Where to start when discussing Tetsuo: The Bullet Man? Does one begin with the no-longer-ahead-of-the-curve self-parody the Tetsuo franchise has become with this instalment? Or does one start with the wealth of truly wretched, nigh unwatchable ‘acting’ that recalls high school drama class – only not quite that good? Maybe one should begin with the completely and utterly pointless nature of the whole endeavour? It doesn’t matter because anyone familiar with Tetsuo will be furious at the cynicism that went into making this crap (there’s no credible reason the film should be in English), and newcomers will merely shrug and ask, ‘Who gives a rat’s ass? I’ve seen better in Halo.’
With Tsukamoto Shinya acting as production designer, editor, writer, cinematographer (this time a monochrome blue), director and co-star, there are very few other people at which to point the almighty finger of blame for this debacle. Noisy, nonsensical and – most criminally – self-derivative The Bullet Man has the look and feel of The Ironman on the surface, but none of that film’s currency, innovation or sheer visual audacity (drill-bit phallus anyone?).
Ironman wasn’t exactly narratively tight, but it did manage to create a surreal landscape that transcended sci-fi and/or horror and was one of cinema’s most visceral experiences of all time. You didn’t have to like it, but you could appreciate it. The Bullet Man is a pale comparison. The rapid-fire editing, shaky hand-held camera work and discordant soundtrack originally worked on two levels: It hid the first film’s sorry excuse for a budget and served as a perfect complement to the images. This time around, it’s simply headache-inducing and baffling. Props to Tsukamoto for his creativity the first time around, but you know what? Everyone’s doing it now (perhaps thanks to you, Shinya) and it makes for a tired bit of alleged filmmaking.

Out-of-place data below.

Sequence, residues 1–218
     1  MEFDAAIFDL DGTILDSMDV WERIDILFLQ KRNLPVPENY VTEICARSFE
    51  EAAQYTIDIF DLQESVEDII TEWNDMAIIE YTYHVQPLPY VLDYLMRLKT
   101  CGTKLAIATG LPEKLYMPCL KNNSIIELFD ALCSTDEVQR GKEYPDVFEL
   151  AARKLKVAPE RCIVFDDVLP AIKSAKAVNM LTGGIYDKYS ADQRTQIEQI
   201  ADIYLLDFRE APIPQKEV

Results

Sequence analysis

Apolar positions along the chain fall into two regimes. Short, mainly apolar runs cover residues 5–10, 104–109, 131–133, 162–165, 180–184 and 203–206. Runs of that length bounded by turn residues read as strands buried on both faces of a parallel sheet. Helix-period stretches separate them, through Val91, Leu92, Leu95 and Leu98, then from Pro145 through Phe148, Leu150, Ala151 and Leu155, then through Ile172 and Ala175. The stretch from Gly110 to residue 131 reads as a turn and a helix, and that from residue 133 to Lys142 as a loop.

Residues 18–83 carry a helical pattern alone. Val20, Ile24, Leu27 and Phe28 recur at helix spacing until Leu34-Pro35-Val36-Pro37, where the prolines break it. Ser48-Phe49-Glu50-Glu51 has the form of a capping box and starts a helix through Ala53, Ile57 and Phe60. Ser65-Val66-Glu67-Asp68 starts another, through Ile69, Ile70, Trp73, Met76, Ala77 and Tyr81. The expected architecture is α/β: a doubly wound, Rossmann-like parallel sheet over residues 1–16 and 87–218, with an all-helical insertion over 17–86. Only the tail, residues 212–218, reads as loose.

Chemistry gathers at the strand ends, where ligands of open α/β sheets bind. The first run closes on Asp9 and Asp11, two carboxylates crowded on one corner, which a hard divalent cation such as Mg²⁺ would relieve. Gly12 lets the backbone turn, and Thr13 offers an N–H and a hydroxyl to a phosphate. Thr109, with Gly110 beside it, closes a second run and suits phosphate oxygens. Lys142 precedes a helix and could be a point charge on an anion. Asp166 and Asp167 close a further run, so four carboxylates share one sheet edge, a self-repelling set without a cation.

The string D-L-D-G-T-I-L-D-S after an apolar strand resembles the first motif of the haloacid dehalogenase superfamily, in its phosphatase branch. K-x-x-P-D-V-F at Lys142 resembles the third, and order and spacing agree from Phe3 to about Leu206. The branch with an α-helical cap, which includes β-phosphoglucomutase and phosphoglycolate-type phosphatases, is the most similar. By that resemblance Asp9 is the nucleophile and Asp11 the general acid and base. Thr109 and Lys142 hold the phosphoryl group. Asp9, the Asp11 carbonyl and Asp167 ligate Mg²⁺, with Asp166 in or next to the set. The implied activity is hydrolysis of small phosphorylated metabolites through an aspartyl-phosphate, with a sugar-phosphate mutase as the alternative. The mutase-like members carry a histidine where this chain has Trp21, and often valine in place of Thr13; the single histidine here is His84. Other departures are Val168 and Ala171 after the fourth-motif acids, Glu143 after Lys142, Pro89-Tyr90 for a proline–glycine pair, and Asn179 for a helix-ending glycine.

The weak attempts at story backfire and there’s no connection to either of the earlier films. Anthony (Eric Bossick, who may or may not be an English teacher that had nothing to do that weekend) is the mutant offspring of his mad scientist father (Stephen Sarrazin, perhaps another Aeon staffer) and his dead mother. Yes that’s right. He was born well after rigor set in – at her request, Dr Mad Scientist created an android version of her, had sex with it (why couldn’t we see that!?), and then had little Anthony. Now Anthony’s son Tom has been targeted for termination (Why? Who knows?) so that Anthony, the dead android salary man, will get really, really pissed off and turn into a human weapon. Or so says The Guy (Tsukamoto, and yes, that’s how he’s credited) who thinks that’s totally hot. Huh?
Cinema is littered with all manner of illogical experiments that relied profoundly on visual creativity to achieve whatever ends they were gunning for. Think David Cronenberg’s Stereo, Terry Gilliam’s Brazil and most obviously David Lynch’s Eraserhead. Usually there’s some kind of subtle comment woven into the texts. The Ironman took a jab at man’s simultaneous connection and unhealthy dependence on technology and the very Cronenberg-esque fetishisation of machinery. The Ironman’s concluding showdown was an orgy for the eyes that brought new meaning to ‘the medium is the message’. In that film, the ‘iron’ will always defeat the ‘man’ part of the equation. The Bullet Man reduces the first film’s impact by moving away from WTF? zaniness to ‘Look at me’ drivel. We’ve seen Tokyo rendered as an oppressive urban jungle a million times. We’ve seen the Lone Warrior take on a bevy of baddies a billion times. We don’t need to see it again, particularly when bland heroes and their underwritten neurotic wives populate it.
This goes beyond detritus. It’s slag.